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decided: September 14, 1971.


Appeal from the Order of the Court of Common Pleas of Bucks County, Civil Action -- Law, No. 2110, March Term, 1970, in case of In Re: Application of Mignatti Construction Company, Inc., from the Bucks County Zoning Hearing Board.


Jeffrey F. Bahls, with him C. William Freed, Jr. and Freed & Freed, for appellants.

Paul W. Callahan, with him William F. Fox and Fox, Differ, Mazer & Callahan, for appellee.

President Judge Bowman and Judges Crumlish, Jr., Kramer, Wilkinson, Jr., Manderino, Mencer and Rogers.

Author: Per Curiam

[ 3 Pa. Commw. Page 244]

This case is a zoning appeal from a decision of the Bucks County Court of Common Pleas, dated November 23, 1970, after it had heard the matter en banc, reversing a decision of the Bucks County Zoning Hearing Board.

Recognizing that the trier of fact is uniquely situated to best resolve questions of credibility, we nevertheless conclude that the lower court has correctly decided this case. We therefore adopt the able opinion of Judge Garb but feel compelled to comment on two cases advanced by appellants:

(1) Blair v. Board of Adjustment, 403 Pa. 105, 169 A.2d 49 (1961), where the Supreme Court approved consideration of ". . . the effect of the proposed use upon the character of the immediate neighborhood so as to conserve the value of existing buildings and encourage the most appropriate use of the land." The Court there dealt with the cluttering overkill of five service stations within 350 feet of one another. Here, "West Rockhill Township is primarily a rural community with a large portion of its area consisting of open undeveloped land and forest. Approximately 3,987 acres, or 37% of the township area is forested. Most of this forest land is situated in the northern and northwestern areas of the township [the subject property is in the south-central portion of the township].

[ 3 Pa. Commw. Page 245]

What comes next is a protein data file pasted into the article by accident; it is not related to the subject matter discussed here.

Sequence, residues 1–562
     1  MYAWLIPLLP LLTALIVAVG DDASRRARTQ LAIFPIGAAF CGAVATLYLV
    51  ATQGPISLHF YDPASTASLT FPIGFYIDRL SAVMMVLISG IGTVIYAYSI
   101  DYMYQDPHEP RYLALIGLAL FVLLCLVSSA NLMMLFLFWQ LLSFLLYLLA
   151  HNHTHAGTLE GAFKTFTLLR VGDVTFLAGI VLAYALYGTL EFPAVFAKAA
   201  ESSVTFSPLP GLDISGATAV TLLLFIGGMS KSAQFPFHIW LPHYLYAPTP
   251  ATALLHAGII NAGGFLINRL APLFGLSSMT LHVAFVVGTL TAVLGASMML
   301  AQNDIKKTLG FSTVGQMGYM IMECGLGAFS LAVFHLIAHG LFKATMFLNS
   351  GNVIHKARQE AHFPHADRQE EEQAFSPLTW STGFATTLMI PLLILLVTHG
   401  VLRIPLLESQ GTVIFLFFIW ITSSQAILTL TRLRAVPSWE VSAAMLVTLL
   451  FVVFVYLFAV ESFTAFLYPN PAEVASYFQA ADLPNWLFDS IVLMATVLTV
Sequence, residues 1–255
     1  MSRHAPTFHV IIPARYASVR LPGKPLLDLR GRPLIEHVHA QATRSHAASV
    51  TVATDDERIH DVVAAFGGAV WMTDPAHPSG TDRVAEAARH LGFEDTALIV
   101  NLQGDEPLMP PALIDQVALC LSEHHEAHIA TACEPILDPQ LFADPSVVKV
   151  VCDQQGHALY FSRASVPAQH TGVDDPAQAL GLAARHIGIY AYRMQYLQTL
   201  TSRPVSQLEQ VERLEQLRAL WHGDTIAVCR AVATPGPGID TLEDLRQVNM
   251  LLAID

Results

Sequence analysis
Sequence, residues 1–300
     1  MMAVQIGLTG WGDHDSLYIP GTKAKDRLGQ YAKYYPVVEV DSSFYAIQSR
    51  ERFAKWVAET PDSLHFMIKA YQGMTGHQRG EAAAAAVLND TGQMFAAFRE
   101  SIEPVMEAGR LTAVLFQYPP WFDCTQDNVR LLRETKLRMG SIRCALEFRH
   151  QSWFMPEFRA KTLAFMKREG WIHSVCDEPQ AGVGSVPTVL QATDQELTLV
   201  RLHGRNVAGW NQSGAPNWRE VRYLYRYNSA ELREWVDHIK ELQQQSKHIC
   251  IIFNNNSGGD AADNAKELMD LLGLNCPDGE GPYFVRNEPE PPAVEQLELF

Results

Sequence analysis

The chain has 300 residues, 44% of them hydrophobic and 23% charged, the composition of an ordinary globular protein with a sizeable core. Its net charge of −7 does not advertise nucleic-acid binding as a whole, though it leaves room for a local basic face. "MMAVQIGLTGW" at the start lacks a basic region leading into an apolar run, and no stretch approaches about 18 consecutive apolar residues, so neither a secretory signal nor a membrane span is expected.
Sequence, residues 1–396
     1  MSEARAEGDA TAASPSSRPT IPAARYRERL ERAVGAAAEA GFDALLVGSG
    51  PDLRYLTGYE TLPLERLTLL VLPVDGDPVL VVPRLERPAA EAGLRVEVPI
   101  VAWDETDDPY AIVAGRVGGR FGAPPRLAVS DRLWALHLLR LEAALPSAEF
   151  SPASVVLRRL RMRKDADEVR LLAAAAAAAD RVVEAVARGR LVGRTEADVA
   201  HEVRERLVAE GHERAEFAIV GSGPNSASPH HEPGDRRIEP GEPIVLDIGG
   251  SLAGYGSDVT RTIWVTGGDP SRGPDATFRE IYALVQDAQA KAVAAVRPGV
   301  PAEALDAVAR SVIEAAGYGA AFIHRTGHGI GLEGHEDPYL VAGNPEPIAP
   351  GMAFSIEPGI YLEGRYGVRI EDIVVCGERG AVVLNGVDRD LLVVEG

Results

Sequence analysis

The southern portion of the township contains most of the agricultural land. Developed land (land devoted to housing, commerce, industry, and public and semi-public uses) accounts for only about 1,158 acres [the total township area is 10,786 acres], or 10% of the total township area." This description from the West Rockhill Township Development Plan, page 16, was written in 1961, and, although somewhat dated, fairly approximates the township's character today. Because of imperfect sub-soil drainage, agriculture is difficult in the township. Forty percent of the township, including the subject property, is zoned Residential-Agriculture. Only within this classified area is quarrying permitted, and the then applicable Section 310-b of the zoning ordinance stated as one of the purposes of such a classification "to provide alternative land uses for farmers who have chosen to discontinue agriculture as a source of income, and to provide areas for necessary land uses, such as extractive industries, which by the nature of their operation involve large land areas and which otherwise would interfere with land development in areas of more intense usage." (Emphasis added.) The "Future Land Use" section of the Development Plan also suggested, among other things, a sanitary land fill operation for the general area in question.